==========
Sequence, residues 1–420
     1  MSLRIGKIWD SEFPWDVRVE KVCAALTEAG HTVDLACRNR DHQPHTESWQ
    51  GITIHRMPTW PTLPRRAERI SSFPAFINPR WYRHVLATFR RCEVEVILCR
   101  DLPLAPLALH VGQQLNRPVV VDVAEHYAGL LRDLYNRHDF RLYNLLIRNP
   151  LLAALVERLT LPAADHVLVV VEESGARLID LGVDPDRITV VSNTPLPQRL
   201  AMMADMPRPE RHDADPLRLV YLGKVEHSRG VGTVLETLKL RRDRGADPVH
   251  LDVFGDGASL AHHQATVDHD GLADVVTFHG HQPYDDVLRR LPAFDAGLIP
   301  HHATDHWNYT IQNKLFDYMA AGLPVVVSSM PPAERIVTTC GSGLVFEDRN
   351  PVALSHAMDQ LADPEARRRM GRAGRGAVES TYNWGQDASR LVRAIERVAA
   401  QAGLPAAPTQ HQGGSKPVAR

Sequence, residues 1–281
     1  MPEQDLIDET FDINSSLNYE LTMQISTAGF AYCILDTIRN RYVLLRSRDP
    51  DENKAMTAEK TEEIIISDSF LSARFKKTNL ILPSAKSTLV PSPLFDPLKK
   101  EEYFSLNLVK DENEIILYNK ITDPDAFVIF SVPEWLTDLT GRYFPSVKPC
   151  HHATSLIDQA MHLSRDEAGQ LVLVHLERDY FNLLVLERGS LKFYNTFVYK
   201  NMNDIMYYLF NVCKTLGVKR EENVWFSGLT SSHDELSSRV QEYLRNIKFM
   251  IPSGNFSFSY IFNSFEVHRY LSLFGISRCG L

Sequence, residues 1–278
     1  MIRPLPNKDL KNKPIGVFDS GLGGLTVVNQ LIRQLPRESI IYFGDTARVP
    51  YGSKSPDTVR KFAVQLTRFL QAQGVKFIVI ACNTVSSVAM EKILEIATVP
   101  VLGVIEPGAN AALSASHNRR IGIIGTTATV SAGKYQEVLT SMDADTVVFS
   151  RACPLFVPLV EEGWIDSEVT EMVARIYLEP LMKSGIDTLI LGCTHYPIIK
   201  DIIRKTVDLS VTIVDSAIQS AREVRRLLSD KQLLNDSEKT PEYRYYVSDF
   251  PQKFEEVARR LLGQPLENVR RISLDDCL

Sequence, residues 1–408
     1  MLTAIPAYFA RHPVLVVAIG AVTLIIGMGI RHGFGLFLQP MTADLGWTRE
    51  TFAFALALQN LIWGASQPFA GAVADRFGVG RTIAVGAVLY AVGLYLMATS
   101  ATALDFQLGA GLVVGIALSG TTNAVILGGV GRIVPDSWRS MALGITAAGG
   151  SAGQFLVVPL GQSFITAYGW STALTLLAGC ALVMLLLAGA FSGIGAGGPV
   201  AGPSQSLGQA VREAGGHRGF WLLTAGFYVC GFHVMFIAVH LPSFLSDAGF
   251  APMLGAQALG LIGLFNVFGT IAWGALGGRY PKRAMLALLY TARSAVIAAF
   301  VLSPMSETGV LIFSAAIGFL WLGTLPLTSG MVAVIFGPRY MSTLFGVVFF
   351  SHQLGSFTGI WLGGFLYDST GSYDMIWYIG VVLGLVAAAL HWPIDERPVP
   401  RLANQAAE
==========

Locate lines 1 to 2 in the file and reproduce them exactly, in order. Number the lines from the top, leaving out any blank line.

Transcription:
Sequence, residues 1–420
     1  MSLRIGKIWD SEFPWDVRVE KVCAALTEAG HTVDLACRNR DHQPHTESWQ